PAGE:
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Title: Villain Archetypes
Description: Good for goose? Good for gander.


JasonTondro - January 26, 2006 01:09 AM (GMT)
This collection of Villain Archetypes is intended as an aid to those players who would like to make villain NPCs for Worlds of Wonder. It can be hard to make a villain interesting; hopefully these notes will serve as a source of ideas.

Note that this manuscript is in an even rougher condition than the corresponding Heroic version.

Cheers,
JT

JasonTondro - January 26, 2006 01:14 AM (GMT)
The Field Guide to Super Villains

The Field Guide to Super Villains attempts to categorize and illustrate the most common and recognizable villain archetypes in comics. It does not try to be exhaustive, nor is it authoritative. You may see villains listed here that you feel belong to a different archetype. That’s probably because all the best villains have more than one archetype, and may have drifted from one to another over their long career. Additional archetypes, usually identified with heroes but equally applicable to villains, are discussed at the end of this list.

Assassin
Examples: Arcade, Bullseye, Deadshot, Deathstroke

An Assassin is a villain who specializes in killing, usually (but not always) for money. Sometimes he is hired by the Crime Boss. The Assassin usually has no powers of his own, other than a supernatural accuracy with deadly weapons. He may be able to turn anything into a weapon, even the most innocuous item (like a lemon seed or playing card). He prefers, however, either the latest in firearms or deadly martial arts weaponry, in order to maximize his own lethality.
An Assassin is, at his best, a professional who doesn’t take chances or play games with his victims. Unfortunately, because it is rare for a hero to actually be killed by an Assassin, the Assassin usually fails in his mission. Important civilians and other bystanders, however, have much to fear from the Assassin. There's also the 'remote assassin' archetype, which is partly grown from the widespread presence of computers and wireless communications. The Remote Assassin kills his targets from far away. He may hack computer networks and trap you in an elevator, or he may deploy an army of killer toys or bomb-laden radio-control planes to end your life. For the Remote Assassin, killing is a distant clinical art, almost a game. The Remote Assassin is usually a sub-par physical specimen, and is related to the Twisted Genius. The hacker version of the Remote Assassin plays upon man's reliance on technology and fears of powerlessness in the face of unknown, technologically savvy individuals. The Remote Assassin kills with the touch of a button. Extreme versions of the Remote Assassin may kill via virtual reality games, murderous theme parks, and similar situations where they turn the world or environment against the heroes, and are closely tied to Theme Villains.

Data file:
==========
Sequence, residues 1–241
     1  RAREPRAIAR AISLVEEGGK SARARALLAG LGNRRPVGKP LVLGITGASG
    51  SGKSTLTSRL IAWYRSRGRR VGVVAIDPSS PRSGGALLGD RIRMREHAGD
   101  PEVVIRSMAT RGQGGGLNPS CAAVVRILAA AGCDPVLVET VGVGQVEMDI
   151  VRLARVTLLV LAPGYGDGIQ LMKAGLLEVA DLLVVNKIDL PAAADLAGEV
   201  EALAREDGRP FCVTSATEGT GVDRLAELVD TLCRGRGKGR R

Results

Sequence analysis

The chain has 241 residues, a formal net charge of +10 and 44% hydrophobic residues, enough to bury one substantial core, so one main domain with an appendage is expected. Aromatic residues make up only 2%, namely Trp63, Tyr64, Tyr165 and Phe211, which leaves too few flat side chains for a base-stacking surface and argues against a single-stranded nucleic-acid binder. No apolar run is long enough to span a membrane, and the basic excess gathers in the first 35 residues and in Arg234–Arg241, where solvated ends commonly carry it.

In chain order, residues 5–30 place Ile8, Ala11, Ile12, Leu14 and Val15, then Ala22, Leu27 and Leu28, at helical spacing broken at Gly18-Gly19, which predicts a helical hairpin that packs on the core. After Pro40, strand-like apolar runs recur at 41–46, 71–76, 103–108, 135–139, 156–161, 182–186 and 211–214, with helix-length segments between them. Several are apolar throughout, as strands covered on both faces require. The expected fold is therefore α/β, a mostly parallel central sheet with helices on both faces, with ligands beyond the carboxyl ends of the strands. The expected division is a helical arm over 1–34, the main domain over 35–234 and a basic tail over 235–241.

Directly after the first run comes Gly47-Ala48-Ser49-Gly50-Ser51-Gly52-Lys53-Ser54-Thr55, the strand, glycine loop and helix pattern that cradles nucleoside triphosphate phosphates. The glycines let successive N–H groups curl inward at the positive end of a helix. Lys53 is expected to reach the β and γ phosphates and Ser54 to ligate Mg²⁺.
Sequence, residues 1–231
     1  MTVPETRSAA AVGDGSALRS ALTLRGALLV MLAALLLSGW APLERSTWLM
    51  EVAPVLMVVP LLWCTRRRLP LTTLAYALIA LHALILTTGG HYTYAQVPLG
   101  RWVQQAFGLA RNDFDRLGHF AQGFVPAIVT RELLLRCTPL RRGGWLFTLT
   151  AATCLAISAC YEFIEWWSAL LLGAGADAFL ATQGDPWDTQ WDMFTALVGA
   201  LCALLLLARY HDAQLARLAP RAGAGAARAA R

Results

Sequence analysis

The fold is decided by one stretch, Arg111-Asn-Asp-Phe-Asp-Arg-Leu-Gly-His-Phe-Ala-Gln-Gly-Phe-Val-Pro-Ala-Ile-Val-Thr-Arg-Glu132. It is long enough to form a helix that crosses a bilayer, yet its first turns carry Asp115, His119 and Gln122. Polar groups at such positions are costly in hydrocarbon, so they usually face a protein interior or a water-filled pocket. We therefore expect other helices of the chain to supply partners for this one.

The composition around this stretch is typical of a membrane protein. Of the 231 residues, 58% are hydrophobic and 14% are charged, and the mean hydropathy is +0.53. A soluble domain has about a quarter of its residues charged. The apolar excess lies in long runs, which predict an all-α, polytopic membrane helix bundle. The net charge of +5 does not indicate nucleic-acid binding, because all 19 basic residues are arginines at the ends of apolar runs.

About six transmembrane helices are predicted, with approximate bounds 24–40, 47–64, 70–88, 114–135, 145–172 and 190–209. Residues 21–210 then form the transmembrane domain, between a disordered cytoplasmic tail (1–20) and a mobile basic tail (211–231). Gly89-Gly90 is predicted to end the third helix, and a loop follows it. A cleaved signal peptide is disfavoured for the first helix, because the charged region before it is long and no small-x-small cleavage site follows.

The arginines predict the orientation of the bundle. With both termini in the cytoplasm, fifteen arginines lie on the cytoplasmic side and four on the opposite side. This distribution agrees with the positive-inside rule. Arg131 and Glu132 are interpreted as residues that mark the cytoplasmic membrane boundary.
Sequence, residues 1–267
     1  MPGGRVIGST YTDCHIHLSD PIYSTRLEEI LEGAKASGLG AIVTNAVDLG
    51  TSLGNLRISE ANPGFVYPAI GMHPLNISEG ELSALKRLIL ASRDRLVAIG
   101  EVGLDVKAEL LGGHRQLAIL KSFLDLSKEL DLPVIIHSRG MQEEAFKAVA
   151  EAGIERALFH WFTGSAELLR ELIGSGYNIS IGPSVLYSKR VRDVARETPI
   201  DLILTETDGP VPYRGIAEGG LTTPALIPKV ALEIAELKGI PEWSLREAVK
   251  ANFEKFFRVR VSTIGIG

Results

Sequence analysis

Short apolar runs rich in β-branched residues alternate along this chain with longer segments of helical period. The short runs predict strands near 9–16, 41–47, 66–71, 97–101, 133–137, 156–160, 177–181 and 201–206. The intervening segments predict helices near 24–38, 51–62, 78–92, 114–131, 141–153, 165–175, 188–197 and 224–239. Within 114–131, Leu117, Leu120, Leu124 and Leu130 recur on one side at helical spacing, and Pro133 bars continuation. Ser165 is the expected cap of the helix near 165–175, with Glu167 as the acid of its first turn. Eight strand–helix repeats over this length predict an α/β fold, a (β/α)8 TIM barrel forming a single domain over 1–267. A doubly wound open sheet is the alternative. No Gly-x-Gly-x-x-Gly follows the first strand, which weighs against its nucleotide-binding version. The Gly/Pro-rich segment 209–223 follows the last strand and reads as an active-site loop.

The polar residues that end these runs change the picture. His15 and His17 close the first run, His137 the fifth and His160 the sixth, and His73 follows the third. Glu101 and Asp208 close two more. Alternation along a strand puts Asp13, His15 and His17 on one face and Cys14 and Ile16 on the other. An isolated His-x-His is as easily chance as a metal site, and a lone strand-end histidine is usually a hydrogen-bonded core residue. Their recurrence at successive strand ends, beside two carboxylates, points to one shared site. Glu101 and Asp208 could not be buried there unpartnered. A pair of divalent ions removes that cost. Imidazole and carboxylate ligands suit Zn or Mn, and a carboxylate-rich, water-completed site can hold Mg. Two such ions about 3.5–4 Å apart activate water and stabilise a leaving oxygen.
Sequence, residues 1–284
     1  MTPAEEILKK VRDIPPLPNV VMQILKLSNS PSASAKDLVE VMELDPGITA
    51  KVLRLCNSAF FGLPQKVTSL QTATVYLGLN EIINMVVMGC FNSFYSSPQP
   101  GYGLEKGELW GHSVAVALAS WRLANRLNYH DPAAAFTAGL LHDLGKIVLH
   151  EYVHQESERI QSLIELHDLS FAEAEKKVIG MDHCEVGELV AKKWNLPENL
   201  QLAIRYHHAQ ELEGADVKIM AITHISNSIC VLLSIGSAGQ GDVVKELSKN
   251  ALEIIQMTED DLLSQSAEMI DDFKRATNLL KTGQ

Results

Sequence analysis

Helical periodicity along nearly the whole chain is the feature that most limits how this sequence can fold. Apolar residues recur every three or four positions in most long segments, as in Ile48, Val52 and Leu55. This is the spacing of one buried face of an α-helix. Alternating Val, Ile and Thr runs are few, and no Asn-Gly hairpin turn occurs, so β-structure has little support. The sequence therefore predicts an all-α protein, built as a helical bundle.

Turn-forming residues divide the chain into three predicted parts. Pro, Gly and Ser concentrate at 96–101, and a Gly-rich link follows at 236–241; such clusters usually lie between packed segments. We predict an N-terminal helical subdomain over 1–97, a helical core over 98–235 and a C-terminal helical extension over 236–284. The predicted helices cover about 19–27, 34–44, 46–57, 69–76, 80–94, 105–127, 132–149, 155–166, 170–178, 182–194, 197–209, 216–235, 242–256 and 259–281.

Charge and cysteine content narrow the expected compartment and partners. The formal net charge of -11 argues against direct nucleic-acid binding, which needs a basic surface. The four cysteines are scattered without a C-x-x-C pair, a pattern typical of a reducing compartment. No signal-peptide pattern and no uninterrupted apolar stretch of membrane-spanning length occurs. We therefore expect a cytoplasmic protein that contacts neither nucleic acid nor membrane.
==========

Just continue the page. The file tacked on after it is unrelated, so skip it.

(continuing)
Conqueror
Examples: Doctor Doom, Dormammu, Kang, Lex Luthor, Mongul

The conqueror wants to rule, traditionally the world, but sometimes only the city while some Conquerors set their eyes on the entire cosmos or the space-time continuum.
There are two types of Conqueror: the Enlightened Tyrant and the Warlord. The Enlightened Tyrant thinks he would do a better job than all those messy governments would, and by some measure he might even be right. The ET may very well be able to end poverty, disease, and war, but at the cost of free will and legal justice. He resembles the Supremacist, but not all Conquerors demand the execution of their enemies as the Supremacist does. Indeed, some Conquerors proudly allow their enemies and rivals to live, confident that the poor fools can do no harm and are still better off under the Conqueror’s enlightened tyranny.
The Enlightened Tyrant thinks he has all the answers, and sometimes faces heroes with the daunting possibility that perhaps they are wrong after all, and the Enlightened Tyrant is actually a good thing. This occasionally causes super-teams to break ranks as they choose sides with or against the plans of the Enlightened Tyrant. This is further complicated if the Enlightened Tyrant is a Fallen Hero also.
The Warlord is a low-brow tyrant who simply wants to conquer. He has none of the moral ambiguity of the Enlightened Tyrant and no hero would seriously consider joining his cause. He may have a love of battle for its own sake, and could be a former Gladiator.
Conquerors often find power through scientific means, which shows their mastery of nature and mental prowess.
If the Conqueror wears a swastika, he’s actually a Nazi. If he’s ethnic, he may be a Foreigner out to conquer America.

Cosmic Menace
Examples: Galactus, Immortus, Grandmaster

The Cosmic Menace lives in deep space and seldom visits the Earth. He may be one of a small number of galactic powers who secretly keep the universe running. Heroes become involved with him when they accidentally upset the cosmic applecart, or when the Cosmic Menace’s daily routine threatens the tiny and inconsequential life forms of Earth. Most Cosmic Menaces are “beyond good and evil,” but if the Cosmic Menace is intentionally hostile, it does as it pleases with the confidence that puny humans are unable to interfere.

Crime Boss
Examples: Kingpin, Crimson Cowl, Count Nefaria